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Valley of the Moon

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When I was a girl, perhaps ten years old, my parents treated me to a matinee staging of Brigadoon. I’ve never forgotten the singers’ voices, the Scottish bagpipes, the mystery of a tiny town lost in time. Any story reminding me of that magical day intrigues me still. Melanie Gideon has written an updated rendition, Valley of the Moon, which transports the Gaelic fairy tale to twentieth-century California. Her update loses none of the original’s enchantment.

The mythical Greengage, founded in 1889 as a farming community of four hundred residents, disappears from its Sonoma location on April 18, 1906. When the ground stops shaking after the destructive San Francisco earthquake, the men, women, and children of Greengage find themselves surrounded by a lethal fog. They can neither leave their surroundings nor communicate with the outside world. Fortunately, their agriculture allows them to be self-sustaining, so they live from day to day, remaining unaware of what is happening elsewhere.

Enter Lux Lysander, a young unwed mother taking a break from her responsibilities. While her roommate babysits, Lux drives north from San Francisco for a weekend of camping and self-reflection at Valley of the Moon State Park. The year is 1975. In the middle of the night, with fog everywhere, she finds herself temporarily disoriented. When the fog dissipates, she finds herself approaching Greengage, its buildings and residents looking like something out of a history book. The year is 1906.

The remainder of Valley of the Moon takes Lux back and forth between her contemporary San Francisco life and the world she discovers at Greengage. Her travels are necessarily infrequent, however, because she can only slip through the fog on nights with a full moon, and the fog appears only erratically. Sometimes a few months pass before she can return to the mythical scene; sometimes several years slide by. Even though Lux measures time as we would, time remains arrested in Greengage. A single month there might encompass years outside the fog.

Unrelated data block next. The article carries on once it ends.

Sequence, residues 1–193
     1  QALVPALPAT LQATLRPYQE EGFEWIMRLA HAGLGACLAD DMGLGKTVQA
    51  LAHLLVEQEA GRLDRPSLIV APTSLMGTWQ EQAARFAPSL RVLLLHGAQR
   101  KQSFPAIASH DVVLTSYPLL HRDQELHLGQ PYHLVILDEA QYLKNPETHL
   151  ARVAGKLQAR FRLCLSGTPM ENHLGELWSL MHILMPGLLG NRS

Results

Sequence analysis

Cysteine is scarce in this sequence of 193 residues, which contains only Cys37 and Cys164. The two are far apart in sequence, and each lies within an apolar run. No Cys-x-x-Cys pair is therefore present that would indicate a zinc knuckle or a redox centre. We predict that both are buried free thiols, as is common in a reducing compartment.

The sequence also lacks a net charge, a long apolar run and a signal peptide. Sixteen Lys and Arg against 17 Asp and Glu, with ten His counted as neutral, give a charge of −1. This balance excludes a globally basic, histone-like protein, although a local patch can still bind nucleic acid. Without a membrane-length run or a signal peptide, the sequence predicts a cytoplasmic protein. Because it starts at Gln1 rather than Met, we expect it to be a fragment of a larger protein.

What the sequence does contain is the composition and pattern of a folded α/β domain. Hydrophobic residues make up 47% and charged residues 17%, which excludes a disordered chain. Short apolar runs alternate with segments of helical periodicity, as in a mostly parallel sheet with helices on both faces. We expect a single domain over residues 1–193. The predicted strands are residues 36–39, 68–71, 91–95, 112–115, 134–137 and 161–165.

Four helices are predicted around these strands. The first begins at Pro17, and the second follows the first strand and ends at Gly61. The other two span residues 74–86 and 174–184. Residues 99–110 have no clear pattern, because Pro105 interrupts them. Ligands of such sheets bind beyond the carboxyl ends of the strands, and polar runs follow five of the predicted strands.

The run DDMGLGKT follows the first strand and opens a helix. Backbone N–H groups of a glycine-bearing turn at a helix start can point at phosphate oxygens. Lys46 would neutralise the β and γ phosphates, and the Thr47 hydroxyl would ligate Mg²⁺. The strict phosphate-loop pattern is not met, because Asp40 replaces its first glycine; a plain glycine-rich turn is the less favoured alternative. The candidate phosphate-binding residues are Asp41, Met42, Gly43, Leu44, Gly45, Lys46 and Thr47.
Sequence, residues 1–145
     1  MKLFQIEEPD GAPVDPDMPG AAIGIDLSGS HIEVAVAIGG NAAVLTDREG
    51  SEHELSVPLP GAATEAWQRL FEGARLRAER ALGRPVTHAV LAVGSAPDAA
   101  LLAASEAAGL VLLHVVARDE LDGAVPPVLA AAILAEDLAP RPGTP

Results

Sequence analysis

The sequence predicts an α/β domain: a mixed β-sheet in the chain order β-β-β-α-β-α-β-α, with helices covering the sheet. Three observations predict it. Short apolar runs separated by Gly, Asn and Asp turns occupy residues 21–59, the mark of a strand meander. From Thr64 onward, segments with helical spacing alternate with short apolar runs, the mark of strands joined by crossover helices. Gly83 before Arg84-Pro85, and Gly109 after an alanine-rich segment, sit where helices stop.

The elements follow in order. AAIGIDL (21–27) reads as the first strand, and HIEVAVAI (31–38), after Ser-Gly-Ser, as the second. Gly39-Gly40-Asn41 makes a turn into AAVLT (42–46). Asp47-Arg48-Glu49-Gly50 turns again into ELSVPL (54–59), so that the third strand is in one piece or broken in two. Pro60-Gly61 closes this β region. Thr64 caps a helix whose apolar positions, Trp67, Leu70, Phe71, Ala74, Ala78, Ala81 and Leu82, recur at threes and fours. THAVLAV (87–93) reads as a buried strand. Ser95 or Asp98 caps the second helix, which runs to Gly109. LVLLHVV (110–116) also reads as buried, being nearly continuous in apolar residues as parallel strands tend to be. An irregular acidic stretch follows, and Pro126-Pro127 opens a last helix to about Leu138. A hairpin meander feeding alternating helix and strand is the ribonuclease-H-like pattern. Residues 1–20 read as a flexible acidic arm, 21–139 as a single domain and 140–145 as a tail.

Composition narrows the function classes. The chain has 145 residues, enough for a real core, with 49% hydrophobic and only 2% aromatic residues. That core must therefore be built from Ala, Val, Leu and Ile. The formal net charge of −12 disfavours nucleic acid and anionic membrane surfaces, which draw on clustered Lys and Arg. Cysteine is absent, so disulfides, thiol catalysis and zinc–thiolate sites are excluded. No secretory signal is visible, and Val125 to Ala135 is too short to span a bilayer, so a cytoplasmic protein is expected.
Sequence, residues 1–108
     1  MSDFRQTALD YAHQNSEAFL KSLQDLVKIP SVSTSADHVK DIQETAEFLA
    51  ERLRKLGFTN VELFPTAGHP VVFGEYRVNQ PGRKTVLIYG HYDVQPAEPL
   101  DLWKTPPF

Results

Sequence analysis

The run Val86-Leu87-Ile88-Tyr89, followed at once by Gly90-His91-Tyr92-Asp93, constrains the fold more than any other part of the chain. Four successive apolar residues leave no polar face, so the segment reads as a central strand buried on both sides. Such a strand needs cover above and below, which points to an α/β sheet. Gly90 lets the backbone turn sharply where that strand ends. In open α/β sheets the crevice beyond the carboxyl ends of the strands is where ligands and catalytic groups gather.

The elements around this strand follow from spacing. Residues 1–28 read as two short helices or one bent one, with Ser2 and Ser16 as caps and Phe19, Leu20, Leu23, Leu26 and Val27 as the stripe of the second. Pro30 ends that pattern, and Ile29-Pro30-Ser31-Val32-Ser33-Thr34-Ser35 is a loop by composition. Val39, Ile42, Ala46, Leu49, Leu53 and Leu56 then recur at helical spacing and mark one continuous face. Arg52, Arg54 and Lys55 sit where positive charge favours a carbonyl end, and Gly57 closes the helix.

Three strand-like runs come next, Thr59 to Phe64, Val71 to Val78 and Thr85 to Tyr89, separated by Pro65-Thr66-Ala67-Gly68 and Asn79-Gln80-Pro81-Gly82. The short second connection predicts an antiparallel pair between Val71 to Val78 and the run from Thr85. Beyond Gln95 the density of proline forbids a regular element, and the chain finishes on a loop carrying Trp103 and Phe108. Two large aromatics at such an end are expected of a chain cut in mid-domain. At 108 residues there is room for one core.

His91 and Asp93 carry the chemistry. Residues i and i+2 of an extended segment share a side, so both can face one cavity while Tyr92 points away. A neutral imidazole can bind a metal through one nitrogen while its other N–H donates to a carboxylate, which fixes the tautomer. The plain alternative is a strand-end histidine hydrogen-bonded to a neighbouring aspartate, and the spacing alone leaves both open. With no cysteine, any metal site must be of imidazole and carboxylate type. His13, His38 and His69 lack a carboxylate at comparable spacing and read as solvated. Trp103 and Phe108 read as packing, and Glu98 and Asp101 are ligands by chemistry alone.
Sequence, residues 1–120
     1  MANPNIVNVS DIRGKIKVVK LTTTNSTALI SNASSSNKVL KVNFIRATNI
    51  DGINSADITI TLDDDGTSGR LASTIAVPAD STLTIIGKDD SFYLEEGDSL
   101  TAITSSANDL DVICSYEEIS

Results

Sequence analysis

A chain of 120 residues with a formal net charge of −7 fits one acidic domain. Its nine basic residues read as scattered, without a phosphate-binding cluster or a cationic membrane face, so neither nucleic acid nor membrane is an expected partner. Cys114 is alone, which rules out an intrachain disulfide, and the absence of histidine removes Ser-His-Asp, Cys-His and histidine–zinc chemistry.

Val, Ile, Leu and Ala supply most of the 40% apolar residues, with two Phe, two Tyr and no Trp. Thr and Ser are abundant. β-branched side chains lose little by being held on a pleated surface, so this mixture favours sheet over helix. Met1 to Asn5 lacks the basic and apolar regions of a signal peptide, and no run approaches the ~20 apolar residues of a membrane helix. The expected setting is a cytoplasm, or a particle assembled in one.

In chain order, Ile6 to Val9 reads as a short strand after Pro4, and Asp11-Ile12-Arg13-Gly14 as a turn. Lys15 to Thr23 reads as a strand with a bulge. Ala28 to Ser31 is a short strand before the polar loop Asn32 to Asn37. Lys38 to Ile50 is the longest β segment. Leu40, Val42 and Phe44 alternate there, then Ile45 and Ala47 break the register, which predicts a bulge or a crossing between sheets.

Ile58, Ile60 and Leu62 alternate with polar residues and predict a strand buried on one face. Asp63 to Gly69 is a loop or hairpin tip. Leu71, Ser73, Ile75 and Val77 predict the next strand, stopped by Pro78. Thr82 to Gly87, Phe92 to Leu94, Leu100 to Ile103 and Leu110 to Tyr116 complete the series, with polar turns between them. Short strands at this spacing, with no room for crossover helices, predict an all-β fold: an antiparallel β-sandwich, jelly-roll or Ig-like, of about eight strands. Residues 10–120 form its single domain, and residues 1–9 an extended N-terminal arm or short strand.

Melanie Gideon, in fact, is riffing on notions of time. She writes, “Time is a construct, one we all inherently begin to abide by the moment we are born. Yes, we will live out our days hanging from its invisible scaffolding. Morning. Noon. Night. Weeks. Months. Years. Time civilizes us. It brings order to chaos. Without it, there isn’t any gravity, and no longer pinned to the world, we float away.” This is the heart of Lux’s dilemma, as she time-travels without gravity on an invisible scaffolding between two competing worlds. With her son, with her parents, with her San Francisco friends, with her monthly trips to Valley of the Moon, Lux experiences time as an actionable process. Her son grows to manhood, her parents age, she ages, too. Meanwhile, in Greengage, time stands almost still.

Gideon allows Lux some latitude, but she never offers her protagonist an easy solution. Greengage tugs at Lux’s heart in unforeseen ways, but her loyalty to her family pulls her heartstrings, too. Where is she the happiest? Even Lux can’t quite tell, as she travels between reality and myth. When I was reading her story, I marked the paragraph quoted above, for I thought it got to the core of Gideon’s presentation. When I got to the end of the novel, I found Gideon’s answer, the same answer, I think, that suspends Brigadoon in my imagination. “Time no longer tethered us. Love did,” reads the final sentence. Only by immersion in Valley of the Moon can a reader understand the love that transcends both of Lux’s worlds. Like Brigadoon’s archetypal fate, Lux’s love makes for a satisfactory and timely conclusion.   – Ann Ronald

Also available by Melanie Gideon: Wife 22; The Slippery Year, a Meditation on Happily Ever After; Pucker; The Map that Breathed; The Girl Who Swallowed the Moon.

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